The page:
I’ve been reading and digesting Brother Claudio Imperatrice’s interview with Fr. Mauro Mantovani, SDB, Dean of the Faculty of Philosophy of the ‘Salesianum” in Rome, regarding the ‘way of beauty’ among other topics.  The article is titled Timeliness of the Thought of St. Thomas Aquinas and it can be accessed in Heralds of the Gospel: An International Association of Pontifical Right Vol. 4, No.34, August 2010.

I’ve been somewhat consumed by the concept of beauty for years, particularly when I am challenged about God and faith.  I find beauty makes everything self-evident.  And it really is as simple as this…however, much has been written and many great thinkers have substantiated this through years of thought and it is obvious that the flip side of goodness IS the ‘bad and ugly’.  Theologians and philosophers acknowledge this, as much as the beautiful.  It is always an interesting thing to pour over the papers and books that have been written on such topics.  For example, Peter S. Williams has written an interesting thesis here regarding aesthetic value.

One of the most engaging books that I have read on the topic is the late John O’Donohue’s Beauty: The Invisible Embrace. I recommend this one, as well as the book, Anam Cara: A Book of Celtic Wisdom.

My somewhat simplified view on beauty is that first, we take our world in through our senses, so beauty is expressed to us via the channel of our own senses.  I think that given that we are, each one, unique…this means that our experience of beauty is very personal to us.  Subsequent to that, the expression each person has of beauty is unique as well.  We needn’t judge others for their reaction or lack of reaction to what is beautiful.

Creation, as an act, is, in itself, beautiful.  Others may not agree with this.  I think that the act of creating is very mystical and there is something in that mystery that ‘chokes me up’. When I have this physical reaction…when tears well up or I find myself lifted and carried away by a piece of music or a story told or a painting, I know that I am experiencing BEAUTY.  Beauty is, for me, divine…Divine…and transcendent.

‘To have been created’ also seems beautiful to me.  Even if my senses tell me that an object or piece of music is ugly or disjointed, such as would be experienced while viewing a poorly composed painting,  if I think about the creator or the creation of that object, I marvel at its beauty.  So, personally, I don’t equate what beauty is with some sort of sensory perfection.  I struggle to write about beauty…but will continue to think about it simply because I am so often, on a daily basis, blessed with ‘the beautiful’.  I hope that you are also.

In conclusion…a wonderful poem by Gerard Manley Hopkins.  You may even wish to have it recited to you, here.  The photograph serving to illustrate this bit of writing is a Moon Flower captured by a friend of mine, Lorraine Lee Dunne.  I think it serves as a visual metaphor.  It is beautiful!


Pied Beauty

By Gerard Manley Hopkins

Glory be to God for dappled things –
   For skies of couple-colour as a brinded cow;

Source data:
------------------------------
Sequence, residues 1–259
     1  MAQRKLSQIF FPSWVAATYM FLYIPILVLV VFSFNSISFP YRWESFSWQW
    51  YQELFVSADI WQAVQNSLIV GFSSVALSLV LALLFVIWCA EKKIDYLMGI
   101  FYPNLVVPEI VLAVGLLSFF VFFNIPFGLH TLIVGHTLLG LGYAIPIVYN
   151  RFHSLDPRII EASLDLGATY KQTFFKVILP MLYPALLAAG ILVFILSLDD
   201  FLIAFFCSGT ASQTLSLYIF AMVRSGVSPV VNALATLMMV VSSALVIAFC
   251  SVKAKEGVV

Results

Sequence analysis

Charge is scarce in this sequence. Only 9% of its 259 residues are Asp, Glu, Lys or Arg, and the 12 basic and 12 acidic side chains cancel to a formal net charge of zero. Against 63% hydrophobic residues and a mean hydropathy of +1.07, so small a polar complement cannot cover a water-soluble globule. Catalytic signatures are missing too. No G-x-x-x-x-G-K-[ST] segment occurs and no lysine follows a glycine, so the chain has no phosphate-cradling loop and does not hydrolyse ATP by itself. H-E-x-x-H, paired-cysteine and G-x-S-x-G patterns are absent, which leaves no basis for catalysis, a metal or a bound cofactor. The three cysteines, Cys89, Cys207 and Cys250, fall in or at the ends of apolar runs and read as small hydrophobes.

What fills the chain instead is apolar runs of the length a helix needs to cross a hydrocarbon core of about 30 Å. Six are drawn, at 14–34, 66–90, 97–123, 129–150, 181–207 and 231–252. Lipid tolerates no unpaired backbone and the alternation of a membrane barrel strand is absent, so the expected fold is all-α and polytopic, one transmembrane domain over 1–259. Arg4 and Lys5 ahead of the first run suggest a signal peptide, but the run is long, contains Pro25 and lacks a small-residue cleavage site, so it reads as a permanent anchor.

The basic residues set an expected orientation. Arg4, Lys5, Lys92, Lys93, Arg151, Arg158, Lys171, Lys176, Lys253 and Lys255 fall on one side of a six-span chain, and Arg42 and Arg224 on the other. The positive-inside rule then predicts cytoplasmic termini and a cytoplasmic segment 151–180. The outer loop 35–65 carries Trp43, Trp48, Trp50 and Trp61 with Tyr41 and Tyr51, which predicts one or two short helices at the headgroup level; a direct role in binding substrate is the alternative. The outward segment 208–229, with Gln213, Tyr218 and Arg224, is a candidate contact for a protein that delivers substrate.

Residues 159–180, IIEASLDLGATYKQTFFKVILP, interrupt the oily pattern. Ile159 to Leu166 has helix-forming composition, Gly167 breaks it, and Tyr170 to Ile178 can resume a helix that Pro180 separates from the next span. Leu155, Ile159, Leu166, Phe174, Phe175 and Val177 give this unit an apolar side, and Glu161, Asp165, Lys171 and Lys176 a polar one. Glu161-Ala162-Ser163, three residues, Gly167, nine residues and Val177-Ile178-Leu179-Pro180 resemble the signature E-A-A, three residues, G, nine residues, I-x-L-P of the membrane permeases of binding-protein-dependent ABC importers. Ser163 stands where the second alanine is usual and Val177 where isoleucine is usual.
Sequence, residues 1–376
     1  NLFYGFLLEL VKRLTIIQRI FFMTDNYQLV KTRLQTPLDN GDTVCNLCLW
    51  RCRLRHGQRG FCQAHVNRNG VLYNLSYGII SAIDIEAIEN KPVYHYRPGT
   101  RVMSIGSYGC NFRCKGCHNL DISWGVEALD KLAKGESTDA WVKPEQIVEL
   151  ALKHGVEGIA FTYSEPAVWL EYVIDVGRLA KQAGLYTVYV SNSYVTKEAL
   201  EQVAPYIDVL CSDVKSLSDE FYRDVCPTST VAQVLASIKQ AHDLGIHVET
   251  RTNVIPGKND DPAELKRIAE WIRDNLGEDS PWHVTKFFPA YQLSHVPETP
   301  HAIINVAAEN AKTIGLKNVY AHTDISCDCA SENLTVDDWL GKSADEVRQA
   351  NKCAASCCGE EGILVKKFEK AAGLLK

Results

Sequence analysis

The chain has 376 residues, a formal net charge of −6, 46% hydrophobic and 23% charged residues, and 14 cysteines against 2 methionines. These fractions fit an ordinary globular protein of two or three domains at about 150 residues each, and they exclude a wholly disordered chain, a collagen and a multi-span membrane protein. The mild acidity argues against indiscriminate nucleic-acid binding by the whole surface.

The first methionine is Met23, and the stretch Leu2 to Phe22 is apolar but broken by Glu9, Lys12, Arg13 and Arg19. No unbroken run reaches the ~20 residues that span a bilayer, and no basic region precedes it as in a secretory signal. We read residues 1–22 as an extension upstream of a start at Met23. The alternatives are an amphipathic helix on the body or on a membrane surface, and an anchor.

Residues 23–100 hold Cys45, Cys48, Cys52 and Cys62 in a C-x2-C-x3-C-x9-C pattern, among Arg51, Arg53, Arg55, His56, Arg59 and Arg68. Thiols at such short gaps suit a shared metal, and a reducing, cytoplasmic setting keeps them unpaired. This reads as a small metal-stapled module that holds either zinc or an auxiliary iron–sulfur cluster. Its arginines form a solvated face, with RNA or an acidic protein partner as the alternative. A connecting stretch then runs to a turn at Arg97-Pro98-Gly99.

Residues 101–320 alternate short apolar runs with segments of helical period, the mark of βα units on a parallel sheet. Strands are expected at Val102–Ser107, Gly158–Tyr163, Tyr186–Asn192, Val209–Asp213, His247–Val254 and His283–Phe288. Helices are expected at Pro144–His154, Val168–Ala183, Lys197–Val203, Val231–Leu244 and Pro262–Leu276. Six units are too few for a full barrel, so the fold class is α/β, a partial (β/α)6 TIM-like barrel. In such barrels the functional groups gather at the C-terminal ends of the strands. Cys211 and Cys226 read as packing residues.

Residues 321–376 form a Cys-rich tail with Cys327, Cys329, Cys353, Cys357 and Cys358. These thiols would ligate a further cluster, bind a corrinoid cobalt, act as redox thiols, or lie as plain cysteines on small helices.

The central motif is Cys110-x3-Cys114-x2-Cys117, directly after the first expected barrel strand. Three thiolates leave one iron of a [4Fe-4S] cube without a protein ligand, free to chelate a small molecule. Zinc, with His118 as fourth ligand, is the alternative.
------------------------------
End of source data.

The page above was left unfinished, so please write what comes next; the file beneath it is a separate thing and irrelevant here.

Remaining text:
For rose-moles all in stipple upon trout that swim;
Fresh-firecoal chestnut-falls; finches’ wings;
   Landscape plotted and pieced – fold, fallow, and plough;
      And áll trádes, their gear and tackle and trim.
All things counter, original, spare, strange;
   Whatever is fickle, freckled (who knows how?)
      With swift, slow; sweet, sour; adazzle, dim;
He fathers-forth whose beauty is past change:
                                Praise him.
Source: Gerard Manley Hopkins: Poems and Prose (Penguin Classics, 1985)
I would be grateful if you would leave your thoughts on beauty here with me.

5 thoughts on “Beauty

  1. Your meditation on Beauty is deeply thoughtful and inspiring. Within the art school and critical academic environment the debate on what constitutes ‘beauty’ and what we mean by this word continues. For some the concept of beauty has become meaningless, due to thoughtless overuse, equivalent to ‘nice’ or ‘interesting’ – for others its definition changes with the ages. “In the eye of the beholder” has become cliche, however; I believe that this phrase still has truth, although it might also include ‘the heart’…

  2. Thank you for sharing yet another inspiring response. I appreciate that you read my blog, John. You are generous. And…at any time, you can copy and re post my writing on text. I’m sorry I haven’t replied on that.

  3. Maybe beauty is the physical representation of goodness, not that all things beautiful are good, but that goodness exists in this universe and if we could see goodness put on flesh or paint or color it would be the most wondrous beauty of all.

  4. I love what you said. It reminds me of a painting that was in my subletted NYC apartment, which I thought was very ugly. The more I lived with it (and the woman’s other things), the more I appreciated who she was, and how this would have been beautiful to her. I think looking at it every day, and knowing that she created it, made it beautiful. Funny how perceptions can change. I find that with people a lot, too. People who I first thing of as “ugly” (that’s harsh… let’s say, “unattractive”) – I get to know them, fall in love with them, then find them beautiful. Funny, that.

    • I love that you left me a comment!! WHOOT! Belinda…if it wasn’t for the battles, I may never have met you…I might not be listening to Flashback Friday music…I am filled with gratitude that I am coming to know you. Have a more than fantastic weekend!!

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